Support for the UK at Cabinet level remained unencumbered by strategic analysis, willingness to question UK motives, consideration of possible consequences for US-Australia relations, or even any assessment of Eden’s prospects for success. There was a general feeling of condescension toward the United States, including references to the need to “tone up” the US approach to align with that of the UK. Analysis of regional political realities was entirely absent.
Menzies’ foreign minister, Richard Casey, counselled restraint, but Casey’s unsolicited advice went unheeded.
A robust exchange of correspondence between Menzies and Eisenhower, in which Menzies strongly supported Eden and chastised Eisenhower over the Suez affair, fell largely to Casey to handle. In an otherwise lacklustre, albeit courageous performance, Casey worked with senior External Affairs official, James Plimsoll, to contain the potential damage to Australia’s standing in Washington arising from Menzies’ ill-judged intervention.
It was one of the more remarkable, but overlooked, moments in Australian diplomacy during the 1950s.
In Canberra, External Affairs failed to challenge the fundamental assumptions underpinning the UK approach to Suez, or to query whether the use of military force against Nasser had even a remote chance of success in the face of firm US opposition.
It soon became clear on the ground in Egypt, and in the United Nations context in New York, that the spoils of victory belonged to Nasser. By immediately sinking vessels to block the Canal, Nasser was able to dictate the terms for its clearance and its re-opening to shipping—and he made sure that all British and French forces had to be withdrawn from Egypt first. But senior External Affairs officials — notably Alan Renouf and Charles Kevin — continued to foster the illusions of Australian ministers who were unprepared, ideologically and emotionally, to accept that reality.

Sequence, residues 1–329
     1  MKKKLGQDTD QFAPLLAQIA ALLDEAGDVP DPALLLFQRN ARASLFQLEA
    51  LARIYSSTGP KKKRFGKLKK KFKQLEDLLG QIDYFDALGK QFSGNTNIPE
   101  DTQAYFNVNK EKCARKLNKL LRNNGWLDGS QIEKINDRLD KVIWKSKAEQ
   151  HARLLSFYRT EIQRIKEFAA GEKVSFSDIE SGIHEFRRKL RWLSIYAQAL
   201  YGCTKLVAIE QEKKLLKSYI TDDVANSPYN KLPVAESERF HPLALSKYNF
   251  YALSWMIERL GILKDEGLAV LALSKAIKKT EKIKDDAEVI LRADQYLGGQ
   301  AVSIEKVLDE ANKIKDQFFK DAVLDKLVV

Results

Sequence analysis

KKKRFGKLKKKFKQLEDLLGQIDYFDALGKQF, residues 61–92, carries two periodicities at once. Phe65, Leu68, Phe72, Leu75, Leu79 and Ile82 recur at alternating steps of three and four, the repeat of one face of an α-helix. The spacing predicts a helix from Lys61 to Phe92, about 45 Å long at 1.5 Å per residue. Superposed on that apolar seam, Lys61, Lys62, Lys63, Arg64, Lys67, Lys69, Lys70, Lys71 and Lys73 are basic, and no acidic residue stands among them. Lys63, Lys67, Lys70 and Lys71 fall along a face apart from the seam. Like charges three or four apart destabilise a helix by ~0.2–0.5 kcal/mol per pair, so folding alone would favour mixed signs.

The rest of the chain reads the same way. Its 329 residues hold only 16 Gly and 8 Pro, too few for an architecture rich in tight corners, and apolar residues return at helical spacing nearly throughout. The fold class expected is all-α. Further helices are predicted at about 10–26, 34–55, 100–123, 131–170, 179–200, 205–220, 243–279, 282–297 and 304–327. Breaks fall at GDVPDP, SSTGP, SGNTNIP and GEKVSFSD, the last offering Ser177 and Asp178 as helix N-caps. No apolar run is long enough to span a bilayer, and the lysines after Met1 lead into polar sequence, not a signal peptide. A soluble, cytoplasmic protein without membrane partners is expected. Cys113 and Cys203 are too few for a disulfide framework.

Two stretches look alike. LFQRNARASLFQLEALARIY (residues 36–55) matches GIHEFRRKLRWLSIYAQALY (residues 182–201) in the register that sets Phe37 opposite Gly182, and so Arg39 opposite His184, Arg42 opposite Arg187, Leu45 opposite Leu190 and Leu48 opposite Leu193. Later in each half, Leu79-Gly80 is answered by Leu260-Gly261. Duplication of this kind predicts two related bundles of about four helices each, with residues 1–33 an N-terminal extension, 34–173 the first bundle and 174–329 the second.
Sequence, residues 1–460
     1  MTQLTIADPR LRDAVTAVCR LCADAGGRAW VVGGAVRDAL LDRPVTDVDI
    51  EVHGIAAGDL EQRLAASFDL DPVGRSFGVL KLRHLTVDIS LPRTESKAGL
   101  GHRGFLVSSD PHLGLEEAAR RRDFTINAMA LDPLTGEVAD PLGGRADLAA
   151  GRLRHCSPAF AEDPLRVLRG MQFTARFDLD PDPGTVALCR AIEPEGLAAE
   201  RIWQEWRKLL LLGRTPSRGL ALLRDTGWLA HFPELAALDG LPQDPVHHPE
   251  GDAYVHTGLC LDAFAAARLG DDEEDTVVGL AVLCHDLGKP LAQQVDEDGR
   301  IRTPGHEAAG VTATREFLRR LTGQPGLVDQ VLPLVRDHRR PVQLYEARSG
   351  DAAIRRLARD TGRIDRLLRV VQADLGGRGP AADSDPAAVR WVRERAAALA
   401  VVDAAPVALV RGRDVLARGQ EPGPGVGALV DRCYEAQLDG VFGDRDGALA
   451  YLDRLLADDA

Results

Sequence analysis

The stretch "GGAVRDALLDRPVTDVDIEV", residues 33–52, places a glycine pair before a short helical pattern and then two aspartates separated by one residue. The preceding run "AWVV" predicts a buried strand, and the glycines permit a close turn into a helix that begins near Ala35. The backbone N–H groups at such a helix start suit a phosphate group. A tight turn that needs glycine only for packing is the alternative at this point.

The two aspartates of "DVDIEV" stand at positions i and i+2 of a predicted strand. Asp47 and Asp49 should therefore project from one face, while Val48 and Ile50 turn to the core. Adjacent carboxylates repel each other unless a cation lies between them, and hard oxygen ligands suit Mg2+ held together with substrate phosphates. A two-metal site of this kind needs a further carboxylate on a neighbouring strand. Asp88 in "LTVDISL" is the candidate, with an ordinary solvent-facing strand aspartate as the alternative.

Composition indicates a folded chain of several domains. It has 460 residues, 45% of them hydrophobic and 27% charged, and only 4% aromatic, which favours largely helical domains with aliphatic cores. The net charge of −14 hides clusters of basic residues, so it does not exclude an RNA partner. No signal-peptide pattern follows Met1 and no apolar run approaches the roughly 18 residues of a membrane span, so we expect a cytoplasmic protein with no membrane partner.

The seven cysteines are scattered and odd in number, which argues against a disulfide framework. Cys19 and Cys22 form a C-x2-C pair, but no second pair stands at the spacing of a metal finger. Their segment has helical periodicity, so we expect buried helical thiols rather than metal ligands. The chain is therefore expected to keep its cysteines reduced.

Throughout the crisis, moreover, those External Affairs officials regarded by Menzies as “Casey’s men,” including the Secretary of External Affairs, Arthur Tange, were marginalised. Tange was excluded from the meetings between Menzies and Nasser. Later, when Eisenhower insisted on the withdrawal of UK and French forces, Tange tried to dissuade Menzies from criticism of the US role. He failed.
In the complex nexus between politics, personalities and foreign policy advice, romanticised notions of a British Australian identity — Tina Turner’s “sweet, old-fashioned notion”—impacted powerfully upon Australia’s policy choices on Suez. They did so despite obvious shifts in the relativities of national power in the post-World War II Middle East.
Ultimately, Australia’s stance over Suez reflected the durability of perceptions of Australia, and Australia’s place in the world, that belonged to a fading era. It also reflected popular and political concern at the decline of an empire to which, in many respects, Menzies, his Cabinet and most Australians still wished to belong.
When it came to the management of the grey space between policy advice and policy decisions driven by Menzies, it was the power of that imagined identity that prevailed.
Bob Bowker was Australian ambassador to Egypt 2005-08. His latest book Australia, Menzies and Suez: Australian Policy-Making on the Middle East Before, During and After the Suez Crisis published by the Department of Foreign Affairs and Trade will be released in November 2019.
This article is published under a Creative Commons Licence and may be republished with attribution.